COMMUNITY LABOR UNITED: An Effort to Build Unity in a Grass Roots New Orleans Community: Background and Development of Community

Date Published: 
December 30, 2006

COMMUNITY LABOR UNITED: An Effort to Build Unity in a Grass Roots New Orleans Community: Background and Development of Community Labor United

[Editor: Community Labor United is the predecessor coalition to the Peoples Hurricane Relief Fund.]

At 9:00 a.m. on the third Saturday in September in 1998, the multi-generational group of about 165 people hustling toward the Student Center definitely weren't students. They represented many of the progressive community organizations in New Orleans gathered, in the dining hall on the campus of Dillard University for the inaugural meeting an organization that would come to be called Community Labor United, (CLU). We didn't attract much attention because multi-generational, multi-racial groups of community people aren't unusual on the stately Reconstruction-era black campus.

After a non-sectarian "Spiritual Reflection," by one of the ministers from SCLC, famed New Orleans saxophonist, Donald Harrison Jr. opened the meeting with a moving solo rendition of Amazing Grace. Since that day, each time we convene we begin with spiritual reflections and a cultural presentation.

There were Welfare Mothers; a wide spectrum of unions active in New Orleans; Civil Rights, criminal justice and school reform organizations; women's rights, environmental justice and peace organizations; religious, arts and cultural organizations; academics, social and economic development researchers and activists of every type. It was the broadest assembly of progressive, grass roots organizations and activists in New Orleans in recent memory. It was frankly understood as an initiative of black, grass roots community organizations with support from their multi ethnic allies.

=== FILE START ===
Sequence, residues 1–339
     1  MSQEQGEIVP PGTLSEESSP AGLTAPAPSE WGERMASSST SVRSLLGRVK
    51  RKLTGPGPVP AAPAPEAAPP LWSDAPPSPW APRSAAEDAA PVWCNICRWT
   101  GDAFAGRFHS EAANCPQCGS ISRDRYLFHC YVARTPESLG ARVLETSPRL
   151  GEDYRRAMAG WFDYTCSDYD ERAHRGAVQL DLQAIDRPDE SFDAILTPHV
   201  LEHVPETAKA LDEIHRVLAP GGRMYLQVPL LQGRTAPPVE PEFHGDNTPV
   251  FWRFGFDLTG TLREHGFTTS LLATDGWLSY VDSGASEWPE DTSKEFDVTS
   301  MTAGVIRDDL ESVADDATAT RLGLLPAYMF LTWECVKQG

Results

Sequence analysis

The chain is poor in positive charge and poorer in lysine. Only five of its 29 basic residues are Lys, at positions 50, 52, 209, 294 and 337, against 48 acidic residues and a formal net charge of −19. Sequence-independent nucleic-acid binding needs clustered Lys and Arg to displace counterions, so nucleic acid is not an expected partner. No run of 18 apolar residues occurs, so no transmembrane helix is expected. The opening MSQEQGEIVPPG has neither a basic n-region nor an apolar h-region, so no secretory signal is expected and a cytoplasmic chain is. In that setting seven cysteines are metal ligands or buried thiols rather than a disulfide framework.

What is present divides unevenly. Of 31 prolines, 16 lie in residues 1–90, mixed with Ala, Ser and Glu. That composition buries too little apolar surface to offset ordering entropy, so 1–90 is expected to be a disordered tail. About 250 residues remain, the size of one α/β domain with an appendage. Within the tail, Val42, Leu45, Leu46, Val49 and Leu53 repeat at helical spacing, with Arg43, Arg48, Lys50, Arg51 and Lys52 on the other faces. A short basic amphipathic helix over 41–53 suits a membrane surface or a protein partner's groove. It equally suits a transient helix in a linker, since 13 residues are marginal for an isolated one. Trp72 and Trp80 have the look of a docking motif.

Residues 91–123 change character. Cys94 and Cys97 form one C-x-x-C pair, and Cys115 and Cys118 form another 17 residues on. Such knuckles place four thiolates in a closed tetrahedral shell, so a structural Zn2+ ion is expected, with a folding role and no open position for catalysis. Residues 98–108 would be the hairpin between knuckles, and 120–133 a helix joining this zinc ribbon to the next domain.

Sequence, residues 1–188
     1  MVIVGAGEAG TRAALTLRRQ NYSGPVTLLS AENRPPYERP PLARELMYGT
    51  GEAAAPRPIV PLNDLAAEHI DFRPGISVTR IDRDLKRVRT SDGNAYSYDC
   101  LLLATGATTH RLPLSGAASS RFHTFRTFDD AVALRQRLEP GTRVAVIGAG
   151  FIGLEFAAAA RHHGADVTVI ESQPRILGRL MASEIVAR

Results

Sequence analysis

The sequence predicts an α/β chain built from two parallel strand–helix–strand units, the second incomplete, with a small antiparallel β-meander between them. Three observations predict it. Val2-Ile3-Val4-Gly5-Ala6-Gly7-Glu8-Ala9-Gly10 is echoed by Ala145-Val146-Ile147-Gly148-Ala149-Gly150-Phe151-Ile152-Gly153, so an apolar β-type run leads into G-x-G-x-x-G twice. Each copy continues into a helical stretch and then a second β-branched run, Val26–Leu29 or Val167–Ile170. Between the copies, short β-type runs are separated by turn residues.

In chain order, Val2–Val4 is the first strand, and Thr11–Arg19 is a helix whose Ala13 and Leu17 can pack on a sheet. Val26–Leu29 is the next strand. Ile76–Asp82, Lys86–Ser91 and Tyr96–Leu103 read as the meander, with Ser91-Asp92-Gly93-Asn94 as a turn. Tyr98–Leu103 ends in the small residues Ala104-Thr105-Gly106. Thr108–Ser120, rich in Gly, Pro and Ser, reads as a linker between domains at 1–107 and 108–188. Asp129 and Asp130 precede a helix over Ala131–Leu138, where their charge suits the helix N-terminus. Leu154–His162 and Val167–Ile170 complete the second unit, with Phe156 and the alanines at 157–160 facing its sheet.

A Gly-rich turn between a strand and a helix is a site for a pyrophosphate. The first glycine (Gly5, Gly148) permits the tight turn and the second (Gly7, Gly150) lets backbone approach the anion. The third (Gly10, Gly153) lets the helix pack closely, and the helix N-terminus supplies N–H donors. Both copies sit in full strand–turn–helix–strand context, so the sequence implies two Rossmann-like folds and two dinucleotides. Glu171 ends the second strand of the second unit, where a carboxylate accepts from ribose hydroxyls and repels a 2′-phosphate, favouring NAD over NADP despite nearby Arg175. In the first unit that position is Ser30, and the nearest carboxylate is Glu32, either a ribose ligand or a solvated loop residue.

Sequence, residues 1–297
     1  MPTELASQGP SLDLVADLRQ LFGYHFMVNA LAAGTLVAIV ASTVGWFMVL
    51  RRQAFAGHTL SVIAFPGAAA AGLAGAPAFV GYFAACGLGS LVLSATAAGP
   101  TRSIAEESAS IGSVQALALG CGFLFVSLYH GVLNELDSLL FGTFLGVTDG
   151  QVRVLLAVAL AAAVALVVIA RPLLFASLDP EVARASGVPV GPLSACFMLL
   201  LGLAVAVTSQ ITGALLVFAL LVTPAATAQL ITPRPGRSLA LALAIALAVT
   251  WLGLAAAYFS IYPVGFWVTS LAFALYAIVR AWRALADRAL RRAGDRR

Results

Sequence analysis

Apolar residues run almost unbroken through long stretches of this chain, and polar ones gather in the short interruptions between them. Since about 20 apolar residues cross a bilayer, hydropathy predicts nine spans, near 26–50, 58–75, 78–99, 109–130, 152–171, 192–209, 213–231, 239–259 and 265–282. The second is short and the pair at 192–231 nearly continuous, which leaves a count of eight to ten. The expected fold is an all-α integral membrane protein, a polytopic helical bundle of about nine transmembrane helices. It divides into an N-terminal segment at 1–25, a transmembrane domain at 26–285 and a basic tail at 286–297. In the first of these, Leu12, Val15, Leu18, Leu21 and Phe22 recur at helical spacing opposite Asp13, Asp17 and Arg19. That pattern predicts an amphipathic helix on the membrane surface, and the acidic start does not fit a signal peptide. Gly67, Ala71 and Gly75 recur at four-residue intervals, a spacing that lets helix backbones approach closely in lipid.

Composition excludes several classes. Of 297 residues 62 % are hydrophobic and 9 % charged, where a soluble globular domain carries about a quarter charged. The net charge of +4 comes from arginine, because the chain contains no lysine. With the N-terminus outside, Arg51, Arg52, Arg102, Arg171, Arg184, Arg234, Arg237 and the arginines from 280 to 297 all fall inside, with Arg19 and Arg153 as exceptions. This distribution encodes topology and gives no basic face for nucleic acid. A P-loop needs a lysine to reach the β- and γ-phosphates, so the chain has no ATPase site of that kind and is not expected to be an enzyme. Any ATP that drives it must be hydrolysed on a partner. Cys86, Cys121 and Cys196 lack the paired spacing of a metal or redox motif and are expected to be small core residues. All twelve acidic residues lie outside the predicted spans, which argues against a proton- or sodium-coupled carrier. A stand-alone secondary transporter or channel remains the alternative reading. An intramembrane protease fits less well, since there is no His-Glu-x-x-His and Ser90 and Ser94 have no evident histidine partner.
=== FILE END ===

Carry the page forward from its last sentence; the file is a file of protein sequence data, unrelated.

The question that brought us together was: Can we work together to achieve common goals; do we need unity in our community? On both counts the answer was a resounding yes. Relying on the principle of grass roots, bottom up organizing and coalition building that the Mississippi Council of Federated Organizations, (COFO), was based on, CLU was born. This is a crucially important factor in the city which has been dominated by the presence of African people since it was founded in 1720. Until "Katrina," New Orleans was officially 67.5% black. But governance and policy have always been dominated by an arcane, largely corrupt, white, quasi-aristocracy, including the last 30 years during which black elected officials have held prominent posts.

CLU devoted its first three months to developing the following Principles of Unity:

  • We are community leaders, labor leaders, and cultural workers committed to ending the exploitation of oppressed peoples everywhere.
  • We believe that all people have the right and responsibility to determine their destiny. Our organizations and unions are committed to building a society where the realities of race, gender, class, and sexual orientation are not barriers to human progress.
  • We are committed to building a society where the bottom line interests of corporations and the rich are not balanced on the backs of workers and the poor.
  • We are committed to building local, regional, national, and world economies that are democratic, just, ecological, and do not exploit labor, culture, and natural resources.
  • We are committed to building an organization of organizations and individuals, focused on educating, organizing, and mobilizing the masses within our organizations and communities from the bottom up.
  • We believe in the prospect of multiracial and trans-generational efforts to develop our communities.

"Start where you are with what you've got. Dig deep. Be radical." Paraphrased from the often quoted advice of Ms. Ella Baker

Community Labor United (CLU), New Orleans
Partial List of Participating Organizations

  • Agenda For Children works to make Louisiana a state in which all children can thrive, by ensuring that the basic needs of children and families are met.
  • Ashe Cultural Center presents and produces art, cultural works and artists that celebrate and spotlight people of color, their community traditions and issues. They do extensive community-organizing work for presentations and productions from its cultural-center base. Actively involved in organizing coalitions among arts, education, community and business organizations in the New Orleans area.